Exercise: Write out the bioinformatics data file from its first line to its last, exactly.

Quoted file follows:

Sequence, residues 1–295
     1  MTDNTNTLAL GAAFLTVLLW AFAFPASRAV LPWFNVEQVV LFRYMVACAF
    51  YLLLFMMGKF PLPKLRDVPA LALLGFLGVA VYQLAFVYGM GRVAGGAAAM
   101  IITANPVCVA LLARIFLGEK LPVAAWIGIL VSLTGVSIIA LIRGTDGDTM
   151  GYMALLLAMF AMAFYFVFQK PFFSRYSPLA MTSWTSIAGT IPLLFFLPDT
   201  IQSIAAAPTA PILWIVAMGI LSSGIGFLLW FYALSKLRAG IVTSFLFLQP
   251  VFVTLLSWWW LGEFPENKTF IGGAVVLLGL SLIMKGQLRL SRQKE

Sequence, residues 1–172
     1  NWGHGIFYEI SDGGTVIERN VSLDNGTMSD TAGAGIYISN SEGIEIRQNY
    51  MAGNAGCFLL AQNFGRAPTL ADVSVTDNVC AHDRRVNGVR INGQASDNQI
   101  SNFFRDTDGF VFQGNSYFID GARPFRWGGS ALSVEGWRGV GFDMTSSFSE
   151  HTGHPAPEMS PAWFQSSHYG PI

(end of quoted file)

Sequence, residues 1–295
     1  MTDNTNTLAL GAAFLTVLLW AFAFPASRAV LPWFNVEQVV LFRYMVACAF
    51  YLLLFMMGKF PLPKLRDVPA LALLGFLGVA VYQLAFVYGM GRVAGGAAAM
   101  IITANPVCVA LLARIFLGEK LPVAAWIGIL VSLTGVSIIA LIRGTDGDTM
   151  GYMALLLAMF AMAFYFVFQK PFFSRYSPLA MTSWTSIAGT IPLLFFLPDT
   201  IQSIAAAPTA PILWIVAMGI LSSGIGFLLW FYALSKLRAG IVTSFLFLQP
   251  VFVTLLSWWW LGEFPENKTF IGGAVVLLGL SLIMKGQLRL SRQKE

Sequence, residues 1–172
     1  NWGHGIFYEI SDGGTVIERN VSLDNGTMSD TAGAGIYISN SEGIEIRQNY
    51  MAGNAGCFLL AQNFGRAPTL ADVSVTDNVC AHDRRVNGVR INGQASDNQI
   101  SNFFRDTDGF VFQGNSYFID GARPFRWGGS ALSVEGWRGV GFDMTSSFSE
   151  HTGHPAPEMS PAWFQSSHYG PI